This late production German Sturmpanzer IV Brummbär 43 Sd.Kfz.166 infantry support self propelled gun can be seen at the Deutsches Panzermuseum in the small military town of Munster, Germany.
Sturmpanzer Brummbär infantry support self propelled gun at the German Tank Museum
The German army needed a weapon that could assist infantry units involved in urban warfare. They had learnt their lessons from battle such as Stalingrad. Hitler had ordered production of the Sturmpanzer IV in 1942. It was given the nickname Brummbär, which in English is best translated as grouchy, a bear with a sorehead.
This name was not used by the German army. It was a name given to it by German speaking staff of the Allied intelligence Corps, in their reports about the vehicle. Its official designation was Sturmpanzer 43 Sd.Kfz. 166.
Sturmpanzer Brummbär 150mm Sturmhaubitze StuH 43 L/12 main gun and a 7.92 mm MG 34 machine Gun
It was designed to attack even the strongest fortification. Due to the range limit of the cannon it had to get close to its target. This is where the heavy armour helped. It was used to destroy enemy fortifications, machine gun strong points and buildings in which Allied infantry were sheltering.
Armoured superstructure of this vehicle offered greater space and protection for the five-man crew of this combat vehicle compared with the standard hull and turret of a Panzer IV tank. It had 100mm of sloping protective armour at the front and 50mm at the side.
Sturmpanzer Brummbär rear escape hatch
At the battle of Kursk in July 1943, 16 Sturmpanzer IV Brummbar heavy armoured assault guns made their operational debut. The 150mm Sturmhaubitze (StuH) 43 L/12 ball mounted gun was situated in a very heavy armoured casemate-style box. Although the gun was new and used existing ammunition.
The shells fired by the Brummbar were used for the 150mm sIG 33 heavy infantry gun. The shells came in two parts. The first part was the high explosive payload. The second part was the propellant cartridge. The Brummbär could fire 38 rounds before having to be resupplied with more ammunition. The High Explosive HE round weighed 38kg. The Brummbar also carried a few anti tank armour piercing rounds. These AP rounds weighed 25kg. Both of these rounds packed a large wallop.
The Sturmpanzer Brummbär rear track wheel could be easily repaired because of the good access. This also made it vulnerable from nearby exploding shells because of the lack of protection.
The first version lacked a forward firing machine gun. The drivers vision slipped was mounted low down on the front superstructure armoured face making this point a weak spot. These errors were rectified and later produced Sturmpanzer IV Brummbars can be identified by the periscope mounted on the drivers heavily armoured housing and the ball mounted machine gun position high on the left side of the vehicle next to the cannon.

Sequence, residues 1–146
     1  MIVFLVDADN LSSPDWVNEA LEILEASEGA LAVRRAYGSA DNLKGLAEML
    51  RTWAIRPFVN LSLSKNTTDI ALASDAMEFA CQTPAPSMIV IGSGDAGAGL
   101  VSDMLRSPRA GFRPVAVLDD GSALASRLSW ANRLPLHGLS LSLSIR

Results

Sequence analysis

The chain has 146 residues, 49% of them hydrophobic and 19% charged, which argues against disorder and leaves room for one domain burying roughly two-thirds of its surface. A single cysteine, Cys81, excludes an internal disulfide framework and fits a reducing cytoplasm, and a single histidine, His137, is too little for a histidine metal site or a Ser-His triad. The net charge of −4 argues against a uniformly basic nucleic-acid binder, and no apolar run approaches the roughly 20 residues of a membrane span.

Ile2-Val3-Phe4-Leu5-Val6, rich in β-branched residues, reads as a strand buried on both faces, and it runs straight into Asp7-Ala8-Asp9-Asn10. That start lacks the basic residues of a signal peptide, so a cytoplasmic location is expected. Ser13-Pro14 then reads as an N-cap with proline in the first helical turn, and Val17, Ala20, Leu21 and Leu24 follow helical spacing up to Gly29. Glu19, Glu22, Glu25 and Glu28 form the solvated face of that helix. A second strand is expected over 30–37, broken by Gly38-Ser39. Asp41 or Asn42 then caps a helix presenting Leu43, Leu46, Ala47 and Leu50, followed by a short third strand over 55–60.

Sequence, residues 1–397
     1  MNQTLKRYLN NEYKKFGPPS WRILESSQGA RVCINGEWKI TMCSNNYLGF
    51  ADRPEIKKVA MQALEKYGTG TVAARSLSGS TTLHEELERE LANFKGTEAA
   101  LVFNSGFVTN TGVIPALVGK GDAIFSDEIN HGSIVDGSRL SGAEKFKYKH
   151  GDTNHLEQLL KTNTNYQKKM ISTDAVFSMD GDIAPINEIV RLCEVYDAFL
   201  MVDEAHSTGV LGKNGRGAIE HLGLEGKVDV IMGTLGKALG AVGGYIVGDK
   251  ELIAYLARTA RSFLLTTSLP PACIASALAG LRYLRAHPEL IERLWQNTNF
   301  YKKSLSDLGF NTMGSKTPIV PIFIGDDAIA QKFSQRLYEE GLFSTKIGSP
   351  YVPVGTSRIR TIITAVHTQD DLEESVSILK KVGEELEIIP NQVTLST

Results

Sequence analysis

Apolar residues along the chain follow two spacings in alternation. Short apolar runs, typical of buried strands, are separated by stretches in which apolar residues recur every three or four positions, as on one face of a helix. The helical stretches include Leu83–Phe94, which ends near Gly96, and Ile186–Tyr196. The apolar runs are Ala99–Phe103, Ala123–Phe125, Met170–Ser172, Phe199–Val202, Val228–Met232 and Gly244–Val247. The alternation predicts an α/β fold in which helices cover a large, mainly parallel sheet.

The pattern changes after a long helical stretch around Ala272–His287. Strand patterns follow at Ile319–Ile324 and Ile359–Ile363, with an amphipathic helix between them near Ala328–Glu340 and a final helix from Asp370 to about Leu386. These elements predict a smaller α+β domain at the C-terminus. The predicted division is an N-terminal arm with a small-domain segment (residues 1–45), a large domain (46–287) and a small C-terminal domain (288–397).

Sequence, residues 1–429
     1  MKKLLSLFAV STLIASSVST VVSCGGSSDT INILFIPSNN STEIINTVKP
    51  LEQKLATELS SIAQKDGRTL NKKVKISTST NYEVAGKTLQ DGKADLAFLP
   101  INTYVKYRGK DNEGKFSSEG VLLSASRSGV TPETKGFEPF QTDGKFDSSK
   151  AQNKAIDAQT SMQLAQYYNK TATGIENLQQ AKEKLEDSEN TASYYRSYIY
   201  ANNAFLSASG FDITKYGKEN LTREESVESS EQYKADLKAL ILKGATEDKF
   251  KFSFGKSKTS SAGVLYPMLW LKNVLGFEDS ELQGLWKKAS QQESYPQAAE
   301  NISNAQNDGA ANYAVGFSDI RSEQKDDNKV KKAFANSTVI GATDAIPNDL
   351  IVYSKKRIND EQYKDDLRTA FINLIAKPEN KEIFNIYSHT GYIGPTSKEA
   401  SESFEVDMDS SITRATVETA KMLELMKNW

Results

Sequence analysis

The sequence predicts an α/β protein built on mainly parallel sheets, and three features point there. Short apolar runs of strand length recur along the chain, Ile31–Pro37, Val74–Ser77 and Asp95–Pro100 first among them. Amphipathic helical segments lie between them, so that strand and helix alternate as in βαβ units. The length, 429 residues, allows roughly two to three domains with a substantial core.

You can see these two features in the Sturmpanzer IV Brummbär preserved in the German Tank Museum in Munster. One thing that is missing from this Brummbar are the side skirts that were fitted to nearly all the vehicles to give added protection an infantry handheld anti-tank guns and bazookas. The side skirt mounting rails are also missing. Another thing missing from the surviving example in Deutsches Panzermuseum Munster is the Zimmerit antimagnetic mine coating that was applied to all the exterior surfaces until September 1944.
The Sturmpanzer Brummbär had 100mm thick tongue and groove welded sloped frontal armour
Battle of the Bulge Sturmpanzer Brummbars
The German Armoured Assault Battalions, Sturm-panzer-Abteilung were nominally equipped with forty five Sturmpanzer IV Brummbar SdKfz 166. Only four such battalions were organised. One of them Stu.Pz.Abt. 217, was deployed during the battle of the Bulge in December 1944. Most of them were destroyed by rocket and bomb attack by the RAF and USAF ground attack aircraft, mines or by their own crew having to abandon them because of lack of fuel and ammunition rather than direct fire from another tank.
You can tell this is a late production Sturmpanzer Brummbär, the fourth and last in the series, because of the addition of a ball mounted machingun. It was in production between June 1944 and March 1945. That is Richard Cutland (The_Challenger) from World of Tanks filming a video about the Hetzer in the background.
Sturmpanzer Brummbär carried spare track wheels in case of anti-tank mine damage. They normally carried four on the back.